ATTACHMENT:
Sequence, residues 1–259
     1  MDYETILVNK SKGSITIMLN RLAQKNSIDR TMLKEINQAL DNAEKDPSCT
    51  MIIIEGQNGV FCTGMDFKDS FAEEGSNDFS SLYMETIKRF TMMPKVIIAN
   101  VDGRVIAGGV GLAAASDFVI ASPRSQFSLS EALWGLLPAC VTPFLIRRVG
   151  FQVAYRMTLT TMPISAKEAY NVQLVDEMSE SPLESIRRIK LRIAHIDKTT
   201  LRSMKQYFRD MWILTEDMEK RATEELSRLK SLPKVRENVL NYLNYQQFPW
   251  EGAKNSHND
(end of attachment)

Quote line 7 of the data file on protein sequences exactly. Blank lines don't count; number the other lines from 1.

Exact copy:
   251  EGAKNSHND